The Medicare Gap Dilemma
If you're over age 50, how often have you had the conversation with more than one of your friends lately about getting to the age when your Medicare benefit will kick into gear so that you can then buy lower cost health insurance for your family? Between ages 55 and actual retirement, for example, this challenge alone can be daunting. Neither federal or state politicians have been able to develop pools of small businesses, with their employees, so that these companies could collectively aggregate to reasonably buy into such a group plan, except on a last resort basis at the state level. When someone leaves the employment of that large or mid-sized company or government job, for example, the days of excellent and inexpensive health insurance are over.
And, so, strategies for receiving lower cost health/dental/prescription drug coverage during these "gap" years for you and your family becomes an important objective and necessity.
No one I know wants to run the risk of no insurance coverage in the meantime versus some type of unforeseeably expensive hospital stay for a family member. A no-insurance strategy for anyone with assets at all is simply not an option outside of a personal bankruptcy. Of course, that type of personal risk management represents no strategy at all.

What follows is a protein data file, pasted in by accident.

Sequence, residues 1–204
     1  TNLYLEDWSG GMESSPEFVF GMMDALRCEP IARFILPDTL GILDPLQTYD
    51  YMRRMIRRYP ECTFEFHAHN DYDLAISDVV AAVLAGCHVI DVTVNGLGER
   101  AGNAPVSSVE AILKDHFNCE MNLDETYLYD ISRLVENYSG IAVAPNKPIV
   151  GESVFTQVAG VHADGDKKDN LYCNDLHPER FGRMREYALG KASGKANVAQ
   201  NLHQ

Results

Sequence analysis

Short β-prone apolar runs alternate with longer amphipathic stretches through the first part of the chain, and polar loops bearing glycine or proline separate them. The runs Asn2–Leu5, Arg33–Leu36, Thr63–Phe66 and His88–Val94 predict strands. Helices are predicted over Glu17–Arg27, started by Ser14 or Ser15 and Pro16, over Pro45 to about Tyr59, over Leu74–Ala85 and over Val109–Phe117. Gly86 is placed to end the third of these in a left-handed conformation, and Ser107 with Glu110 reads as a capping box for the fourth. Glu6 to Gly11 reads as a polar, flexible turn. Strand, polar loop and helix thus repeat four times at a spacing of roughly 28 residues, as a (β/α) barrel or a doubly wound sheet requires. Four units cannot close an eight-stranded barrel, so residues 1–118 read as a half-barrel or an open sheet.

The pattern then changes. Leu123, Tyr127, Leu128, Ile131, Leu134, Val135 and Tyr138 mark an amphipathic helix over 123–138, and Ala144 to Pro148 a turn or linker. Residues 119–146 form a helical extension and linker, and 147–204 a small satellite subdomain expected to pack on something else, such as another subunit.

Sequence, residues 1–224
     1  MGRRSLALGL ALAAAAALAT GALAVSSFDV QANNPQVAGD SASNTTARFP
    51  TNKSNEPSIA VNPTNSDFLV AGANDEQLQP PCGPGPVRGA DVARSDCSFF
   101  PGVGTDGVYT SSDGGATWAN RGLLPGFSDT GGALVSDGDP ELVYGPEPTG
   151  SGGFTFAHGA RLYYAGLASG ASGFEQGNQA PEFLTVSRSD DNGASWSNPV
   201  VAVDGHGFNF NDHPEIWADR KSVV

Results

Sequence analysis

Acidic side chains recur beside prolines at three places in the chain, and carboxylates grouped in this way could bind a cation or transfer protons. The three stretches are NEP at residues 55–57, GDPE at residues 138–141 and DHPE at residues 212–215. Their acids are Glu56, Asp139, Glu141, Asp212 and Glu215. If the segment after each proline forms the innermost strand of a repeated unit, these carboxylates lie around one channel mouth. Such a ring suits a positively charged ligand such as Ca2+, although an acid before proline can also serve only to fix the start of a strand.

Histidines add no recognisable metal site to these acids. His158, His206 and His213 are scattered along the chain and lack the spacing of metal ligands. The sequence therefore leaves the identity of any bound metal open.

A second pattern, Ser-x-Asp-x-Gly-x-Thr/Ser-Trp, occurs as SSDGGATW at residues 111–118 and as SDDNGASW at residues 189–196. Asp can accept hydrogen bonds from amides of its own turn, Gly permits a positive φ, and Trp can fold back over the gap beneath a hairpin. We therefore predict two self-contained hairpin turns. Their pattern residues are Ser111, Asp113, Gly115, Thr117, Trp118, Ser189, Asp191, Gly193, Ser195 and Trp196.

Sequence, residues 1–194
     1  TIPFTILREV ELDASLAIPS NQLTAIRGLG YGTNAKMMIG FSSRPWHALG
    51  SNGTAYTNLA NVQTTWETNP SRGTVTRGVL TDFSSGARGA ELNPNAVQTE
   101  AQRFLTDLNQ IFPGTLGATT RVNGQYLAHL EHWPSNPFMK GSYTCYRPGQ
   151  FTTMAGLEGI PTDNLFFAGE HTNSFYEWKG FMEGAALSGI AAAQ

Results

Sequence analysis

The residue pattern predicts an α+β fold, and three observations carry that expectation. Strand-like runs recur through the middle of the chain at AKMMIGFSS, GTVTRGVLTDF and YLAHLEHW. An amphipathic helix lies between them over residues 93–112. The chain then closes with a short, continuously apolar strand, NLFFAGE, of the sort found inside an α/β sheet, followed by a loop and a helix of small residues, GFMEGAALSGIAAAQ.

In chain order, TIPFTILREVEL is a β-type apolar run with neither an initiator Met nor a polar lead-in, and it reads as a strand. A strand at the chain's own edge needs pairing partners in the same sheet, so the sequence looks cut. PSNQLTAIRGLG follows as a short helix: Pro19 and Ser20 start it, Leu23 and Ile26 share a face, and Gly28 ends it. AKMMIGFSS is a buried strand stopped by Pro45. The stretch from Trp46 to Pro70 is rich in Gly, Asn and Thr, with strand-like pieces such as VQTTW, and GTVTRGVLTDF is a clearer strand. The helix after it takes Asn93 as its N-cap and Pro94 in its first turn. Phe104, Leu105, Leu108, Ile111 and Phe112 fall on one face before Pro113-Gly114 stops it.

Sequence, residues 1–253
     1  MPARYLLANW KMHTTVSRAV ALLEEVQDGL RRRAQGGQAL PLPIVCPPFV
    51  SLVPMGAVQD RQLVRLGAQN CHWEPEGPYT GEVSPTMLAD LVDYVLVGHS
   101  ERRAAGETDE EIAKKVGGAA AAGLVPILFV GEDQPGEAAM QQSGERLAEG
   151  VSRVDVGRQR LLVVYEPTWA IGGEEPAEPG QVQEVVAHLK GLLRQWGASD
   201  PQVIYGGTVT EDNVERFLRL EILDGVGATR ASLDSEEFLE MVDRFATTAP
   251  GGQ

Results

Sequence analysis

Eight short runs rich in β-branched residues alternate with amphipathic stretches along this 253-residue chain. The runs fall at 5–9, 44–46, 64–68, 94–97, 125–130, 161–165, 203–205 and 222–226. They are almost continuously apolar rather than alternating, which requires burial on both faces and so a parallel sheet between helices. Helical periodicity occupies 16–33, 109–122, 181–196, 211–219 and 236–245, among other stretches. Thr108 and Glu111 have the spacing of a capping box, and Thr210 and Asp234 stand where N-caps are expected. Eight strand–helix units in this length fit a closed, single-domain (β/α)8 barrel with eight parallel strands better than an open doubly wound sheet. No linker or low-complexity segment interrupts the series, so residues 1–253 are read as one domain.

The Self-Employment Model Gains Momentum Today
After being downsized a time or two, how many of your friends have now come to the same inevitable conclusion, regardless of where they live, regardless of their education level or occupational category and regardless of their gender or race? Plenty of them, according to my own experience in this area.
Just think about it. On the first day of your own business, you can get up and begin to wash your face/shave. As you do so, you should take a moment to stop and look at your best employee in the mirror. A suggested next statement from you might/should go as follows: "Jim, you're the very best employee I've got. And, I promise I will never fire you or downsize you from this company. Go get 'em, Tiger!"
Of course, while there are risks inherent in pursuing this type of vision, there are also obvious rewards, too. Many men and women, with long employment histories at some large company who then receive a large severance check as each one exits, will now wake up to the starting capital they require to pursue this dream. I have been blessed to meet a large number of men and women, who fall into exactly this category. This very circumstance may be precisely what you needed to take this step since the necessary capital is now available.
Future Labor Shortages Will Rule the Day
The best news for you as a 50+ year old is this: Because of the upcoming retirement of the largest age bloc in America, labor shortages will actually begin to develop in virtually every type of conceivable labor category there is in our country. This development, in the future, will benefit all employees/self-employed men and women in the labor market.